- To save government resources by avoiding lengthy investigations and trials
- To incentivize defendants to provide fuller and more truthful information
U.S. Attorney offices have great discretion on who they offer deals to and under what terms. They generally look for defendants who have substantial insider information about criminal networks that can lead to bigger busts or take downs of entire organizations. The more valuable a defendant’s information and testimony is deemed to be, the greater sentencing concessions the defendant may receive.
The Cooperation Process
The cooperation process typically involves several key steps:
- Proffer Session: Defendant’s attorney arranges an informal interview, called a “proffer session,” between the defendant and prosecutors. The defendant outlines what information they can provide if a deal is struck. This helps prosecutors assess the value.
- Signing the Agreement: If satisfied, prosecutors will formalize a cooperation agreement spelling out the defendant’s requirements and the concessions the government will recommend. The defendant agrees to waive certain rights.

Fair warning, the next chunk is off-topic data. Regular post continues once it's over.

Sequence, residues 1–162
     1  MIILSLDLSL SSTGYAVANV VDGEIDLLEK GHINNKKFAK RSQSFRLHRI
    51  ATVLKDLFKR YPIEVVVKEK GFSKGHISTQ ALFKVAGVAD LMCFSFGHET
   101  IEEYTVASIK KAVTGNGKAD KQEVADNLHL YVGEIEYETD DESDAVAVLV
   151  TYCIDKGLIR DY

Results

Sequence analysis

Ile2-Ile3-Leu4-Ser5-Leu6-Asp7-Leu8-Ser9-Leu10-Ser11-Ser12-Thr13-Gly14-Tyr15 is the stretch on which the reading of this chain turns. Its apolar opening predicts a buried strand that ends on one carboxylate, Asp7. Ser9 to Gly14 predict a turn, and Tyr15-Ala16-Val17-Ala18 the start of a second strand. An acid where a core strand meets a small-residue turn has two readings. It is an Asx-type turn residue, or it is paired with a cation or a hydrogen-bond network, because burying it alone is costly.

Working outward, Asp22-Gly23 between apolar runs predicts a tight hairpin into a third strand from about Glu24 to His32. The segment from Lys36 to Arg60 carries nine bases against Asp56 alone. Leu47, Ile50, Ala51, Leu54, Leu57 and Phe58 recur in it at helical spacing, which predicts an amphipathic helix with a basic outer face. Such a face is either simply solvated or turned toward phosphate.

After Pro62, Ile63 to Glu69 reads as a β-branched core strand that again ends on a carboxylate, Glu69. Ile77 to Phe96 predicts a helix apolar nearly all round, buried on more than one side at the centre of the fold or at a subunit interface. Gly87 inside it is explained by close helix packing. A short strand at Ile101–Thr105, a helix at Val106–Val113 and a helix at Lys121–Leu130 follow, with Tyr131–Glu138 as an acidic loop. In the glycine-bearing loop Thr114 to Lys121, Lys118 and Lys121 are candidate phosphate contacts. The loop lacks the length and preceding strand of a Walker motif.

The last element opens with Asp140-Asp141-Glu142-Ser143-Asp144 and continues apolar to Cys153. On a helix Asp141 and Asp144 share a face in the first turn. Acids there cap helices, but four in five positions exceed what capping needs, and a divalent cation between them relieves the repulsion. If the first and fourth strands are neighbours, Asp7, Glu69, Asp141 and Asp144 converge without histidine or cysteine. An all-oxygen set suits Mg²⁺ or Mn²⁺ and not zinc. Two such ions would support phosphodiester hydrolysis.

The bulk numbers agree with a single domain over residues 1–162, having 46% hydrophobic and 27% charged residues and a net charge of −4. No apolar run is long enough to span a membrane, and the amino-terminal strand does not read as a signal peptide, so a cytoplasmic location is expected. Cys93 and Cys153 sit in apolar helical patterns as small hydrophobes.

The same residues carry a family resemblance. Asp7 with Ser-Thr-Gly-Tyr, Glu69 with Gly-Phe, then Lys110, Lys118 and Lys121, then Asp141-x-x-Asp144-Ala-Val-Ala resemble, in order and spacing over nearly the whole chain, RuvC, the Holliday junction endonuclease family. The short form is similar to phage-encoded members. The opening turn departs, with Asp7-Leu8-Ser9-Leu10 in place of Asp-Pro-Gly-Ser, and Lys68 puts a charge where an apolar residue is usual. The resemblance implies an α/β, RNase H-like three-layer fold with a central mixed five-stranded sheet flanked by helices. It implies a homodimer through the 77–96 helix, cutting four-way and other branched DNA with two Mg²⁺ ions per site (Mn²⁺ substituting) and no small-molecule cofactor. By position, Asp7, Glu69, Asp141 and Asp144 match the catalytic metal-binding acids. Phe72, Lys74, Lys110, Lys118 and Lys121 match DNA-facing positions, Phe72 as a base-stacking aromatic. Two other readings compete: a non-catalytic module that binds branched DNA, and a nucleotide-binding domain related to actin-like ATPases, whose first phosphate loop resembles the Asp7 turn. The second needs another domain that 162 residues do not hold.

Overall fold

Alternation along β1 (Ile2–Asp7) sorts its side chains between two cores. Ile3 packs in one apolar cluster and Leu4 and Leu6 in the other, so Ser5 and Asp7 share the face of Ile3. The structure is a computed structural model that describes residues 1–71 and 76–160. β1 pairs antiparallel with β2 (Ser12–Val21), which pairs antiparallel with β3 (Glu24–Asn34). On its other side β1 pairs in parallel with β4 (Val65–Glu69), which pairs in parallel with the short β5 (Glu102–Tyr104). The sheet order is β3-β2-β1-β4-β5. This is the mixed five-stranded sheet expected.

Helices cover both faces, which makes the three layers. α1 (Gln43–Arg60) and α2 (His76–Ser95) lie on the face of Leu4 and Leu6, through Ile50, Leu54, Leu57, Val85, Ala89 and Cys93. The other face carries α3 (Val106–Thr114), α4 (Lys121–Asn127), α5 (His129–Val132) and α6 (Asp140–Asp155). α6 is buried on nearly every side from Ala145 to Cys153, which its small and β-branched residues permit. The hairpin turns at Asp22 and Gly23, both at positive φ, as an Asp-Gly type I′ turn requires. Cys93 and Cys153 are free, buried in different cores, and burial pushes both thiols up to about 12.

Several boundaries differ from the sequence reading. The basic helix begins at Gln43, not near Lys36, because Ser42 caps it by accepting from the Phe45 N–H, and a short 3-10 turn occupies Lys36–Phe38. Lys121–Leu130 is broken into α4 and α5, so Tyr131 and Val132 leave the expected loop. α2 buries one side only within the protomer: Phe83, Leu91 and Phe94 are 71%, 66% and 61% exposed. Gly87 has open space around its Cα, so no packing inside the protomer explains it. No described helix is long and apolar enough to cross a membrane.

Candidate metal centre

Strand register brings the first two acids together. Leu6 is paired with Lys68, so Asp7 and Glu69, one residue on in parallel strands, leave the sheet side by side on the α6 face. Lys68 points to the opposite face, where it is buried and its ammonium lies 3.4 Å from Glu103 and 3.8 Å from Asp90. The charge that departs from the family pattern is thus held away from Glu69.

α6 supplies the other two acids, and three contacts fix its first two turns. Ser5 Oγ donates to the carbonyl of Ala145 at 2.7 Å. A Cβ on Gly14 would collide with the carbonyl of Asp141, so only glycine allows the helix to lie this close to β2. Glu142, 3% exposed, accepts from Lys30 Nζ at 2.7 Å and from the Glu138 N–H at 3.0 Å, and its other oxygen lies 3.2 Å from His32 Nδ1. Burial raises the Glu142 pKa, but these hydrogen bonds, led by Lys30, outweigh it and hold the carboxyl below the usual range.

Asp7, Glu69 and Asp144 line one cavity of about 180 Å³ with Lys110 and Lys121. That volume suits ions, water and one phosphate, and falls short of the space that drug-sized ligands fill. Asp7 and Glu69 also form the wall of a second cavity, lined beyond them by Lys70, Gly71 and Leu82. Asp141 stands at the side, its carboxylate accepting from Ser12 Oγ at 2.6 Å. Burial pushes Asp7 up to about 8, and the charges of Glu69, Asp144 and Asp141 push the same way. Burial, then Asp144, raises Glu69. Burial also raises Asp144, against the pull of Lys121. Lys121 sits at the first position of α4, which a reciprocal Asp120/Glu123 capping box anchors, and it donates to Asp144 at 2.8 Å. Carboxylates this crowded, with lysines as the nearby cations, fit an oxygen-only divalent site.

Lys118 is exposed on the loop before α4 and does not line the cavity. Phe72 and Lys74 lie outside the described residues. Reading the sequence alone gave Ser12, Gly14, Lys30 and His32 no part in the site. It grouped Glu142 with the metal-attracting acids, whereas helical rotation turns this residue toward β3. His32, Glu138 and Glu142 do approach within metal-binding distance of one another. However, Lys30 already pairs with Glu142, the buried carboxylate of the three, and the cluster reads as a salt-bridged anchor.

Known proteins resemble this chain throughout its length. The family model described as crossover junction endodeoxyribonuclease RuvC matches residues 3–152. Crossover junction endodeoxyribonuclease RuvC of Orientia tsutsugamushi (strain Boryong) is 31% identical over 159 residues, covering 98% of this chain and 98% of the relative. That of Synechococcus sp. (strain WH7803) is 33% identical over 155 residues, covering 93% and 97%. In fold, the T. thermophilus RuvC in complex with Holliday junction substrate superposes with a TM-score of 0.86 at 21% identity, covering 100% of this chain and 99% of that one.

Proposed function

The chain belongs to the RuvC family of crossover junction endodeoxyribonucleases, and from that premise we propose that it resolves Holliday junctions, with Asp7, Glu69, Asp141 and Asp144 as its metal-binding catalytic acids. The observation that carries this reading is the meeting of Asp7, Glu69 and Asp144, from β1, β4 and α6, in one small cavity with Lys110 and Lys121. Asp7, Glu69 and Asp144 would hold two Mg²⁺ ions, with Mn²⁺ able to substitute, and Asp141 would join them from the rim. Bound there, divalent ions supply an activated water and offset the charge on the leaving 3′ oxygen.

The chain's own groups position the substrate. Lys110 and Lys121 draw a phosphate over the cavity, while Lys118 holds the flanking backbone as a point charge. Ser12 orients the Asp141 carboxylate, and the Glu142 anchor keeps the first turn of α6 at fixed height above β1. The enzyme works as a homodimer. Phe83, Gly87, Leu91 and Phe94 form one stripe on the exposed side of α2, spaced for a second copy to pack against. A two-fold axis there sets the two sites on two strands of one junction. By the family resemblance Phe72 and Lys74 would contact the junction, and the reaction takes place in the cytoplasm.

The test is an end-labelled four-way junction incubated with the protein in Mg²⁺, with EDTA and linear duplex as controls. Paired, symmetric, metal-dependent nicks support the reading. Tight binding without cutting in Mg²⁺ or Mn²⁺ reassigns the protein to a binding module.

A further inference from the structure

- Cooperation Period: During this period, the defendant provides testimony and information as needed, such as identifying targets, participating in controlled buys, testifying before grand juries, and potentially testifying at trial. Meetings typically take place in the U.S. Attorney’s office or FBI field office.
- Government Files 5K Motion: Once cooperation is complete, if prosecutors feel the defendant provided “substantial assistance,” they will file a 5K1.1 motion detailing the cooperation and recommending a reduced sentence.
- Sentencing: At sentencing, the judge will decide what consideration to give the government’s 5K motion in determining the defendant’s final sentence.
Key Features of Cooperation Agreements